EGG objects that the use of the word "clarification" in the August 7 discussions letter was misleading. From reading the letter as a whole, it is clear that discussions were being conducted and the word "clarification" was being used in its broadest sense. In this regard, the agency clearly advised EGG that it was being requested to update its initial proposal with additional information and given the opportunity to revise or modify its proposal, and submit a BAFO. See FAR Sec. 15.601; Phoenix Medical Elecs. Servs., Inc., B-237739, Mar. 21, 1990, 90-1 CPD Sec. 312. Indeed, EGG's contemporaneous objections to the questions shows that it realized the significance of its response to them. Although EGG argues that it relied upon the agency's call for "written clarifications" to conclude that its proposal was technically superior, we think EGG acted unreasonably if it chose not to conscientiously change or explain its proposal in response to the agency's questions, and that such a response was strictly a matter of its own business judgment. See Diversified Contract Servs., Inc., B-227555.3, Nov. 25, 1987, 87-2 CPD Para. 516.

Therefore, we conclude that SPAWAR conducted meaningful discussions with EGG. Moreover, the record does not indicate that TRW received any more thorough or specific discussions than did EGG.

EGG argues that SPAWAR improperly downgraded its proposal in a manner not contemplated by the RFP for lacking inside information known only to the incumbent. EGG bases this contention on the written questions, three of which are quoted above, which EGG asserts exceed the original RFP requirements. However, all technical questions referenced specific technical requirements in the RFP upon which each question was based. agree with SPAWAR that these questions were reasonably related to SPAWAR's requirements and the RFP evaluation criteria. While EGG contends that the information solicited by these questions was known only to the incumbent, the RFP indicates, under the technical approach criterion, that the offeror's technical approach and understanding would be evaluated based upon its detailed discussion of each technical topic. In any case, the record shows that EGG's and TRW's responses to these questions did not significantly change their technical scores. Based on our review, we find the agency's evaluation was fair, reasonable and consistent with the evaluation criteria. See Femme Comp Inc., B-239192, Aug. 13, 1990, 90-2 CPD Para. 121.

In effect, EGG is complaining that the incumbent may have enjoyed a competitive advantage on the procurement. However, a competitive advantage resulting from incumbency is not objectionable where the protester fails to link such advantage to preferential treatment on the government's part-- which EGG has not done. See Hummer Assocs., B-236702, Jan. 4, 1990, 90-1 CPD Para. 12. Also, we note that the RFP specifically encouraged offerors to submit questions concerning, or request clarification of, any aspect of the RFP prior to the closing date and EGG does not argue that it availed itself of this opportunity.

The protest is denied.

Earl N. Fray and David Lynch for the protester.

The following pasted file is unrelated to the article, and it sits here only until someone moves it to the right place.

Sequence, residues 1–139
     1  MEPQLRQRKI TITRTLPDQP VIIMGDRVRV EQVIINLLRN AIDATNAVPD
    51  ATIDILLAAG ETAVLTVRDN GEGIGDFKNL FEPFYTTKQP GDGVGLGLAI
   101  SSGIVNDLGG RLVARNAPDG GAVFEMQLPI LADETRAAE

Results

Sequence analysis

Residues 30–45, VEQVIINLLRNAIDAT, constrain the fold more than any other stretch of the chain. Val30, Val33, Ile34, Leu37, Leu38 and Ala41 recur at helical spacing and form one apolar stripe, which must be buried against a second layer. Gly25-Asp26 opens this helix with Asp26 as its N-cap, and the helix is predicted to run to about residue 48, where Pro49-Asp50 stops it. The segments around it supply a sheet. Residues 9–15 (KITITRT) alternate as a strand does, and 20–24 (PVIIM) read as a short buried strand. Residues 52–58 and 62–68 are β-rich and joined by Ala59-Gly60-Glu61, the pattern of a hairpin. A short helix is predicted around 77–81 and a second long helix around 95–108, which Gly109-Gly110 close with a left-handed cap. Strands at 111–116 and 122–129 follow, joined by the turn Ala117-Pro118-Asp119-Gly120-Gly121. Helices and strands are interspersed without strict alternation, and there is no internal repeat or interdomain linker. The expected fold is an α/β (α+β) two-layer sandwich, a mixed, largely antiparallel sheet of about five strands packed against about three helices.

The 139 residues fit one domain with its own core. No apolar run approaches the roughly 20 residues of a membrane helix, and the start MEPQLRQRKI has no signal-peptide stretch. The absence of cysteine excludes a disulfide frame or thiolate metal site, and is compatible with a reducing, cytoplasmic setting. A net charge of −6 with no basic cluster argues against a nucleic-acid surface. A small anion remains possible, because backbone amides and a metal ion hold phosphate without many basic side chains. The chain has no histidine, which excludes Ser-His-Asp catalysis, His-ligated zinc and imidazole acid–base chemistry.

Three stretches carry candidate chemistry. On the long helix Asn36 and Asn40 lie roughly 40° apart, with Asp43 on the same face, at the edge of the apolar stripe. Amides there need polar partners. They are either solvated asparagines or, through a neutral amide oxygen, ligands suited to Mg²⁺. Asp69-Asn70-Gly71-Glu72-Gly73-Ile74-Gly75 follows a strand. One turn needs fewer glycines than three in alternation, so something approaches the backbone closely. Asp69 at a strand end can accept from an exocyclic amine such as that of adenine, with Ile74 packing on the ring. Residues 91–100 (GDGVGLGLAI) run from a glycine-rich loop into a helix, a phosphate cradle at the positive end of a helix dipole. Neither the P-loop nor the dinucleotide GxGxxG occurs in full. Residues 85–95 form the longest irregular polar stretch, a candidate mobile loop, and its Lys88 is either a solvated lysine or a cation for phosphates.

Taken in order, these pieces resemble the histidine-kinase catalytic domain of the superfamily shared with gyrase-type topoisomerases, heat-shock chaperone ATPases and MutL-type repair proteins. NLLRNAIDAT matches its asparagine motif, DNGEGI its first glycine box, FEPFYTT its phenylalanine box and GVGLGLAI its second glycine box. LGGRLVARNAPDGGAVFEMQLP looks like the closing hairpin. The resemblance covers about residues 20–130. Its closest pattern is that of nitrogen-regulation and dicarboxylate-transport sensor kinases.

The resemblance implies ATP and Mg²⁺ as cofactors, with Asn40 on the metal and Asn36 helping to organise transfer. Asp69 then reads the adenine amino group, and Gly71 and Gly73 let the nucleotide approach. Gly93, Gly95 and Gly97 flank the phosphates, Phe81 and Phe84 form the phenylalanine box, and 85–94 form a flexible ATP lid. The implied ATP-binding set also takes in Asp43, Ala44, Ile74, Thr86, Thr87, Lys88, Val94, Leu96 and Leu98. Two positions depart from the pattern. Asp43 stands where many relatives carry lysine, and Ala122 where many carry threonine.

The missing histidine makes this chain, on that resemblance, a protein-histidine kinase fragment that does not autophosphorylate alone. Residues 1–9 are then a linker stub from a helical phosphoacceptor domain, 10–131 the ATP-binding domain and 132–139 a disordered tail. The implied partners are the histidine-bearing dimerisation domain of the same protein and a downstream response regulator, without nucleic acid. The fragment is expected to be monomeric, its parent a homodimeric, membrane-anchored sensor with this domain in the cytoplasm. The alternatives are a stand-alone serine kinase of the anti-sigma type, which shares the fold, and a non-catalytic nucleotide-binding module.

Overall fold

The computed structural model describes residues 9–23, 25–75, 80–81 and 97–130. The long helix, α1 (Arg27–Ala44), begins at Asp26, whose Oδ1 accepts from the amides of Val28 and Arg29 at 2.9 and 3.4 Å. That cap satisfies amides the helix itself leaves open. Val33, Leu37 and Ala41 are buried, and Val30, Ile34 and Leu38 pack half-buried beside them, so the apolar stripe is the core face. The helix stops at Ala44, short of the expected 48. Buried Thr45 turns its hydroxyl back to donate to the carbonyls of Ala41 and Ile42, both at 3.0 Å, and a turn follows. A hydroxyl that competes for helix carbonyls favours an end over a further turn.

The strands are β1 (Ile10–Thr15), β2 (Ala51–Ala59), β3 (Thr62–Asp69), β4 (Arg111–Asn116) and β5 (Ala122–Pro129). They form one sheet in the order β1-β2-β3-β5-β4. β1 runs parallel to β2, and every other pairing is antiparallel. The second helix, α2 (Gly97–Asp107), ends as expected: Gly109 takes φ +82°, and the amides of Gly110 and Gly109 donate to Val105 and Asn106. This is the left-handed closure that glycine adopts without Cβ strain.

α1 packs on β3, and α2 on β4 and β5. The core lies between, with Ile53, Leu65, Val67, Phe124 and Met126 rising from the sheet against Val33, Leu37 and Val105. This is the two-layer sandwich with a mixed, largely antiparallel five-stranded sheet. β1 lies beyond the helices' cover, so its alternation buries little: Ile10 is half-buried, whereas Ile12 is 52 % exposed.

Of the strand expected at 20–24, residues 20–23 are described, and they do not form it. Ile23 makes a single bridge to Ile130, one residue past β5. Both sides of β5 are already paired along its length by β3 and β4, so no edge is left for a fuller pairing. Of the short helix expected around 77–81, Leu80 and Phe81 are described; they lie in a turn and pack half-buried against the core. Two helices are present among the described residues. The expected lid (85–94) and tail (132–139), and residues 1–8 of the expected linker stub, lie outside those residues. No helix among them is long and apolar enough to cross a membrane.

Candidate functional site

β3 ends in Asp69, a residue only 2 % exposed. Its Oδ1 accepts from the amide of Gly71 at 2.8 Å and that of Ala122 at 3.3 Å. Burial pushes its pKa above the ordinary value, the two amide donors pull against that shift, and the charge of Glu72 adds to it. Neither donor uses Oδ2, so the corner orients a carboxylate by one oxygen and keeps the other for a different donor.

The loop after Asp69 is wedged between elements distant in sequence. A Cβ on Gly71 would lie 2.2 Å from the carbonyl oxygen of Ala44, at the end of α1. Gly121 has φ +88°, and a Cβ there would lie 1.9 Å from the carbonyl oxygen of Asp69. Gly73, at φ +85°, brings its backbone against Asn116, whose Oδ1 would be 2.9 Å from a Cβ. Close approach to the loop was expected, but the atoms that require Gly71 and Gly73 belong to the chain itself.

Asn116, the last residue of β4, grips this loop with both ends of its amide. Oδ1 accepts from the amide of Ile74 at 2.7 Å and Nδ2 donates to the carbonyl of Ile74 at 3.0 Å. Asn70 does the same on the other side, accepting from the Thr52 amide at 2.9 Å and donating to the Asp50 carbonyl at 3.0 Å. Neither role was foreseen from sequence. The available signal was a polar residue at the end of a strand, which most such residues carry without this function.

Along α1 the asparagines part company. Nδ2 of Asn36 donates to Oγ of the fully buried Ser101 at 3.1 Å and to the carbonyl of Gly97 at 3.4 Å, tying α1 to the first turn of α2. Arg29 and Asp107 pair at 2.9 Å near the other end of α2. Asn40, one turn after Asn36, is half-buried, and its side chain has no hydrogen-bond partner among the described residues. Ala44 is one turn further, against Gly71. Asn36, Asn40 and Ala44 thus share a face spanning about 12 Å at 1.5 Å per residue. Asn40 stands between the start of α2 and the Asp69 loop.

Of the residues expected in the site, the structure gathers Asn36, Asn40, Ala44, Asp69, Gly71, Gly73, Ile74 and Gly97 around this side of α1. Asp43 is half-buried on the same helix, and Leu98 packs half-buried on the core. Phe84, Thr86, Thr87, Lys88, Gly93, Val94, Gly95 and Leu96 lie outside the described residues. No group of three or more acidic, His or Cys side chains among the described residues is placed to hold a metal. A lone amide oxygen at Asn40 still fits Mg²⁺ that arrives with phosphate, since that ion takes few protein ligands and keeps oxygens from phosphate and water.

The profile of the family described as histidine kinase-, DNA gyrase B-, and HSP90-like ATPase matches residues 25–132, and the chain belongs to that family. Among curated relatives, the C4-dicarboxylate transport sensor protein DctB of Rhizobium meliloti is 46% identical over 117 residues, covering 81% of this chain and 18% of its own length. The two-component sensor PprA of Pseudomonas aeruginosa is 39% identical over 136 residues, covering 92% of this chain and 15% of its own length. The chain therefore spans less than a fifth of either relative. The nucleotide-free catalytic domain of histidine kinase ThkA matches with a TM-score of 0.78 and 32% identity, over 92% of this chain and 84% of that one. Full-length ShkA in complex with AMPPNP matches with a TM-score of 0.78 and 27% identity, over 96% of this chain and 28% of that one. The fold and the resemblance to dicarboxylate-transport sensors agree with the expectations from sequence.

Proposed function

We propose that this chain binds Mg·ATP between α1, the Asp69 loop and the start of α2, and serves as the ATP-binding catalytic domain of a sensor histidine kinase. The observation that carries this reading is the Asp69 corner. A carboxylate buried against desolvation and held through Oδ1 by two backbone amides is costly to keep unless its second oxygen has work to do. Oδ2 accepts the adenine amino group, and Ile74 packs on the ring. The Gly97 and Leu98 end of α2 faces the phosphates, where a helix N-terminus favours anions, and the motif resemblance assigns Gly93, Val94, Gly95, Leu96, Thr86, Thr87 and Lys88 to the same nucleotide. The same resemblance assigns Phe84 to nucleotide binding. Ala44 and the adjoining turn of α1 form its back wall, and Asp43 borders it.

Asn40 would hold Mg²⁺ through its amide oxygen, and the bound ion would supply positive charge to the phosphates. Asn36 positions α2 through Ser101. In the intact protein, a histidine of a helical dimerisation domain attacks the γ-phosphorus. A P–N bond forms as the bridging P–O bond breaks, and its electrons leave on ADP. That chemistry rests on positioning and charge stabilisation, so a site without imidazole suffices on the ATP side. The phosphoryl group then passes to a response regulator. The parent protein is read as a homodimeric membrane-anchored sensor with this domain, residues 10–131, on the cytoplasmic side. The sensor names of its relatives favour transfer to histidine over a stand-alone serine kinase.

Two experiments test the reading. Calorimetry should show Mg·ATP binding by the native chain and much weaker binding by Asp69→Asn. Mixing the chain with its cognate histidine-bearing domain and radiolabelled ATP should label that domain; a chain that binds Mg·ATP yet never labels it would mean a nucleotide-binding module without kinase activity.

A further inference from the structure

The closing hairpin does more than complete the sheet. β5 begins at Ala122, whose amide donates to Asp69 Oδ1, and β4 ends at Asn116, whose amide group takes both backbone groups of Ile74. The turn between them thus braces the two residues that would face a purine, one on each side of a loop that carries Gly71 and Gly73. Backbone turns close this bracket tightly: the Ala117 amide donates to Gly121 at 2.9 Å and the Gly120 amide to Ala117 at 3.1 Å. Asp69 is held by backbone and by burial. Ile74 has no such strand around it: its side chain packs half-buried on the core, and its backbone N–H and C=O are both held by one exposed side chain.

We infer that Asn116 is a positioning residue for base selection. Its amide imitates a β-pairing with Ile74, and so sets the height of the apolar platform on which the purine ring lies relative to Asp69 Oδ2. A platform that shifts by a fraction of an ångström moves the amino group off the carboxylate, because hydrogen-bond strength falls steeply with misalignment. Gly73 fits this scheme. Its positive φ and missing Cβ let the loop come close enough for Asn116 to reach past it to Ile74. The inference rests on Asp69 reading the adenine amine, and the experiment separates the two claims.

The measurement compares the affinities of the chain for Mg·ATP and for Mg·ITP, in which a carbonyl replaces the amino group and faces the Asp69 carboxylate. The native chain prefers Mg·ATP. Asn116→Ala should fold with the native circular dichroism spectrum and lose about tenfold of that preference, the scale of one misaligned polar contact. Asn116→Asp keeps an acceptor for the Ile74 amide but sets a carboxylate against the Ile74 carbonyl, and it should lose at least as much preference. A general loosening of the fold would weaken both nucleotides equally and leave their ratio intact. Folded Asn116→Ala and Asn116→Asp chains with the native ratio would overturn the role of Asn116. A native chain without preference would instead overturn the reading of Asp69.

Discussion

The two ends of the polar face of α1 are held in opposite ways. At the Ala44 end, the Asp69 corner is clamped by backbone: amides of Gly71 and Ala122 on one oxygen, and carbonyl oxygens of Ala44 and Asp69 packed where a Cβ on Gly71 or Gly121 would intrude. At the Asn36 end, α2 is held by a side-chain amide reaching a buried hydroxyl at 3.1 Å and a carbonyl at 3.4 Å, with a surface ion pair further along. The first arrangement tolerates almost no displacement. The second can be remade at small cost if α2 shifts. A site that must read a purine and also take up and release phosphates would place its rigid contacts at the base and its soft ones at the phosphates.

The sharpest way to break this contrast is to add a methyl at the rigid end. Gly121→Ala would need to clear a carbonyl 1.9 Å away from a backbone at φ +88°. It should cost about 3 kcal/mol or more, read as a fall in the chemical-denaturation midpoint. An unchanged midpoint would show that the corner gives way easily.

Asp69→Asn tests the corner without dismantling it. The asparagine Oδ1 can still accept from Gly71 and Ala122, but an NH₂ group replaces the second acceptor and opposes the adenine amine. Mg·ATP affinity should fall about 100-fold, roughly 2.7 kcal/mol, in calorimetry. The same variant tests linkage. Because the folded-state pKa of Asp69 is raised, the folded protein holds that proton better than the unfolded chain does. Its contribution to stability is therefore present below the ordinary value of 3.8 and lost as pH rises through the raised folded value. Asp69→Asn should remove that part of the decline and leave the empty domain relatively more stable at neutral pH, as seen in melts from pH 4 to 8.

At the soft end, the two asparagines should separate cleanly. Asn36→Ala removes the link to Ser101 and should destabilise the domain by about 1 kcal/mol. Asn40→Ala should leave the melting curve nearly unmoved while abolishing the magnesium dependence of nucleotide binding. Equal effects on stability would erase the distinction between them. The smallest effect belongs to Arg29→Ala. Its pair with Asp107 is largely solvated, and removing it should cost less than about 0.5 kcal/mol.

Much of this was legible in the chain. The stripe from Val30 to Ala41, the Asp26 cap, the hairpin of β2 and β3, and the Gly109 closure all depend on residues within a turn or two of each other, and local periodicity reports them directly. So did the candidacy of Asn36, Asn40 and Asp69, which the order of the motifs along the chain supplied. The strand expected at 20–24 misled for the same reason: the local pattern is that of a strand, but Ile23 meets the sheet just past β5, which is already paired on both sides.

Captain F.T. Jaffin and Clara M. Pesquera, Esq., Department of the Navy, for the agency.

Charles W. Morrow, Esq., and James A. Spangenberg, Esq., Office of the General Counsel, GAO, participated in the preparation of the decision.

/1/ According to SPAWAR, the mission of the UWP Directorate is to provide integrated cradle-to-grave support of all undersea surveillance equipment critical to the Navy's long range strategic and tactical antisubmarine warfare (ASW) effort. The principal focus of this support is the Integrated Undersea Surveillance System (IUSS), which includes the Sound Surveillance Systems-- the Navy's primary fixed, long range, open ocean, initial strategic and tactical ASW sensor system-- and the Surveillance Towed Array Sensor System (SURTASS)-- the Navy's long range, open ocean, initial strategic and tactical ASW sensor system.

/2/ The letter stated that "you are requested to update your initial proposal with additional information you believe is necessary to, at a minimum, carefully and completely address each enclosed question/comment" and that the offeror's revisions "completes the discussion/negotiation phase."

/3/ EGG did not object to the 11 cost/business questions asked.

/4/ No material adjustments to the costs were made in the cost evaluation. EGG initially contended that it proposed a lower cost than TRW. However, the protester's argument is inaccurate because it failed to factor in travel costs in the computation of its final BAFO cost.

/5/ On December 5, 1990, SPAWAR advised this Office that the agency would continue performance of the contract due to urgent and compelling circumstances.

/6/ EGG arrived at this figure by multiplying a mean hourly rate of $54.38, derived from the RFP's statement of TRW's current hourly rate for certain tasking statements, by the RFP's statement of the level of effort in the amount of 2,516,800 manhours. The record indicates that TRW's initial proposed costs approximated $91 million.

/7/ We have reviewed all relevant documentation regarding the evaluation of, and discussions regarding, cost that SPAWAR has provided to our Office on this matter.

/8/ EGG alleges that SPAWAR conducted meaningful discussions with TRW in order to justify award on the basis of technical quality. Further, it argues that the agency's report admits that discussion questions were provided to TRW covering the weak areas in TRW's proposal.

/9/ These three questions are among those that were expressly objected to by EGG as being unrelated to its proposal and the RFP requirements.